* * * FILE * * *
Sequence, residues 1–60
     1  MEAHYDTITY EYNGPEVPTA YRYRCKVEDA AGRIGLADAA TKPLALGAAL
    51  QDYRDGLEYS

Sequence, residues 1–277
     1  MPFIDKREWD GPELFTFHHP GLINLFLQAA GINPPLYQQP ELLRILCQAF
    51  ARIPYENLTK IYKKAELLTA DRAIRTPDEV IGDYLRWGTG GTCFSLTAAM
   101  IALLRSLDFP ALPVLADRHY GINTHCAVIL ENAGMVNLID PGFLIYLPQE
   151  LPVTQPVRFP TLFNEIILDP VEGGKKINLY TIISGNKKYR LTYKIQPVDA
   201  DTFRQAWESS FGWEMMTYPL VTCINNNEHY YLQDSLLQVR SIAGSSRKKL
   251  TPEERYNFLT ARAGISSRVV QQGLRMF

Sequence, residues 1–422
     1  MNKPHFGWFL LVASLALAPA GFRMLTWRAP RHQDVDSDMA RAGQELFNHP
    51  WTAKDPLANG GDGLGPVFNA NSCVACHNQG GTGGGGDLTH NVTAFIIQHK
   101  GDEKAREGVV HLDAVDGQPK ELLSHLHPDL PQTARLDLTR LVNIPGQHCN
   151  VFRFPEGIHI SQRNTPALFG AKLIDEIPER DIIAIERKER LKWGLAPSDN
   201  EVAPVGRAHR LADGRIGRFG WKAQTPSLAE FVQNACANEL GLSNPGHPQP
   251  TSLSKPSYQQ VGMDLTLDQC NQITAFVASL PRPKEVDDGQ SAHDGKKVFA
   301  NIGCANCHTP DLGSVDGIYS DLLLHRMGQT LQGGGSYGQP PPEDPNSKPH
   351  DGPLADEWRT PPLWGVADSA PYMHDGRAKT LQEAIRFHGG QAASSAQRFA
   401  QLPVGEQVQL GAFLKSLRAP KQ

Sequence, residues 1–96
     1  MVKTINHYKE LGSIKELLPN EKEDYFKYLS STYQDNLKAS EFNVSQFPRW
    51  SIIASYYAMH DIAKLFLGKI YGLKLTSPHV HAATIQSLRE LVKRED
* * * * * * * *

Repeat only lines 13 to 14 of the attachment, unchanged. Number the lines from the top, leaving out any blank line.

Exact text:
    51  WTAKDPLANG GDGLGPVFNA NSCVACHNQG GTGGGGDLTH NVTAFIIQHK
   101  GDEKAREGVV HLDAVDGQPK ELLSHLHPDL PQTARLDLTR LVNIPGQHCN